In preparation for my Rib Class in March, I'll be focusing on rib basics for the Barbecue 101 series. If you are new to the blog, I have a series of posts for newbies to barbecue. If you ever have a question, or would like a topic covered, please ask.
Most people, when asked what their favorite cut of ribs is, will answer "baby back ribs." I think ad campaigns from companies like Chili's have more to do with this than actual knowlege of rib cuts. Just by mentioning Chili's, I'm singing while writing this post, "Gotta get me some baby back baby back baby back ribs!"
When I'm asked what my favorite rib cut is, I say, "it depends." Before I expand on that, let's lay out the three basic cuts of ribs.
Baby Back Ribs (bottom in pic): The smaller back ribs from the top of the back rib cage.
Spareribs (top in pic): Taken from the large front ribs. A rack of spareribs is one side of the chest ribs.
St. Louis cut (center in pic): This is a tightly trimmed sparerib. The tapered tip is trimmed off, the upper section that includes bone and cartiledge from the sternum is removed, and the fat flap at the other end is removed.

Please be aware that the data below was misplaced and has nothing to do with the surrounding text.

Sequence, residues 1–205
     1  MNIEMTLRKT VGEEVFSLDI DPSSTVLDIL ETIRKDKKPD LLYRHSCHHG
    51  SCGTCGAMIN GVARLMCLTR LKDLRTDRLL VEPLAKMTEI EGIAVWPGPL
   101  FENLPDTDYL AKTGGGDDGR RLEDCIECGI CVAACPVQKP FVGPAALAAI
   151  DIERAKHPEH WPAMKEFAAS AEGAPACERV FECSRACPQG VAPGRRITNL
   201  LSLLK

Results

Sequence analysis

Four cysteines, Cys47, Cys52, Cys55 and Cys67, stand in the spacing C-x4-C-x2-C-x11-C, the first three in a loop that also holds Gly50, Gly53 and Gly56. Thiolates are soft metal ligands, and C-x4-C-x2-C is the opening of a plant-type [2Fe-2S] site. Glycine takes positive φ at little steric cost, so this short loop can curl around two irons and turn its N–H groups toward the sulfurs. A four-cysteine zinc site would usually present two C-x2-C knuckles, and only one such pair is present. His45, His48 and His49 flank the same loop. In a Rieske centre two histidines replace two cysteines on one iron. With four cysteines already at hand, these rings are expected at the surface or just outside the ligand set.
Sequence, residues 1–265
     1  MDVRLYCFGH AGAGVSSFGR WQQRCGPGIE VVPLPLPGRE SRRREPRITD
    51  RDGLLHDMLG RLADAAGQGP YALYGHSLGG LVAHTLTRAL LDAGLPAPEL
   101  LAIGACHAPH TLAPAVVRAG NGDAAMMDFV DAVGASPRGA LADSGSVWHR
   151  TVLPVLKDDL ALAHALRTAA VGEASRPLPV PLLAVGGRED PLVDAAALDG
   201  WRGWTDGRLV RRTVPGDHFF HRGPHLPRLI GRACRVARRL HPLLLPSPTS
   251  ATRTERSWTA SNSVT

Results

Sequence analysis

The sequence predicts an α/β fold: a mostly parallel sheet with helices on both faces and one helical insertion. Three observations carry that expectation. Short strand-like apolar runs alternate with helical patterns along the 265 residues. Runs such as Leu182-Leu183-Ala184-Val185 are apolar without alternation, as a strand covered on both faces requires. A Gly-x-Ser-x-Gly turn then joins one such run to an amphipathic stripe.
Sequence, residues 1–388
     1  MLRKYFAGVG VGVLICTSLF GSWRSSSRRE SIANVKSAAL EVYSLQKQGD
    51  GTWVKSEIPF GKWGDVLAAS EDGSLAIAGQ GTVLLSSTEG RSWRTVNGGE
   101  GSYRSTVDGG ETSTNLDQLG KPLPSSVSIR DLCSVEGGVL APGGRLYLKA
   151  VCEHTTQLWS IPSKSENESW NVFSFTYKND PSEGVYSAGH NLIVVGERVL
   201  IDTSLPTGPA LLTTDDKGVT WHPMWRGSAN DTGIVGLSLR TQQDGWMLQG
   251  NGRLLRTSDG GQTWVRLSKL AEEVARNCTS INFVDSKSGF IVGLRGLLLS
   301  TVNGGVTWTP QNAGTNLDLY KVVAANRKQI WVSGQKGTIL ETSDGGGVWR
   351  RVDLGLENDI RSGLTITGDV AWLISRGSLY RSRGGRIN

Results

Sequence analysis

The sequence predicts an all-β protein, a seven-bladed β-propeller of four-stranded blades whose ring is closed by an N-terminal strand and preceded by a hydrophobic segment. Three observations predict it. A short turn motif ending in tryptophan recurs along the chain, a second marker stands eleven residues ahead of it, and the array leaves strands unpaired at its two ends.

I like each cut for different reasons. At Smokin' Pete's BBQ, we smoke spareribs. Big and meaty, they satisfy that need to chomp into meat on the bone. They also don't dry out as quickly and can "hold" their temperature better, which is very key in our business. Barbecue restaurants must always keep just ahead of the demand. If too many ribs are ready, then they will get overcooked or dried out before consumed. If you fall behind, you are out of something on the menu.
If I were out there on the competition circuit, I'd choose the St. Louis cut. More manageable to eat, they are also more consistent across the rack. The individual ribs on a sparerib rack vary in size and texture; the tip ribs are small and angle away, and at the other end the last big bones have a fat connector that cuts the meat in half. It's all tasty, but if you are turning in a competition "box", you want all six judges to have the same experience.
St. Louis cut ribs are 2-3 times more expensive than the larger spareribs, but if you want to impress some barbecue lovin' guests, serve these.
Baby backs, to me, are the party ribs. They are the original finger food. While I tend to want my spareribs smoked with a simple rub, sauce on the side, I get creative with mops and finishing sauces on babybacks. That tender meat tastes good dressed up, and is best served hot off the grill.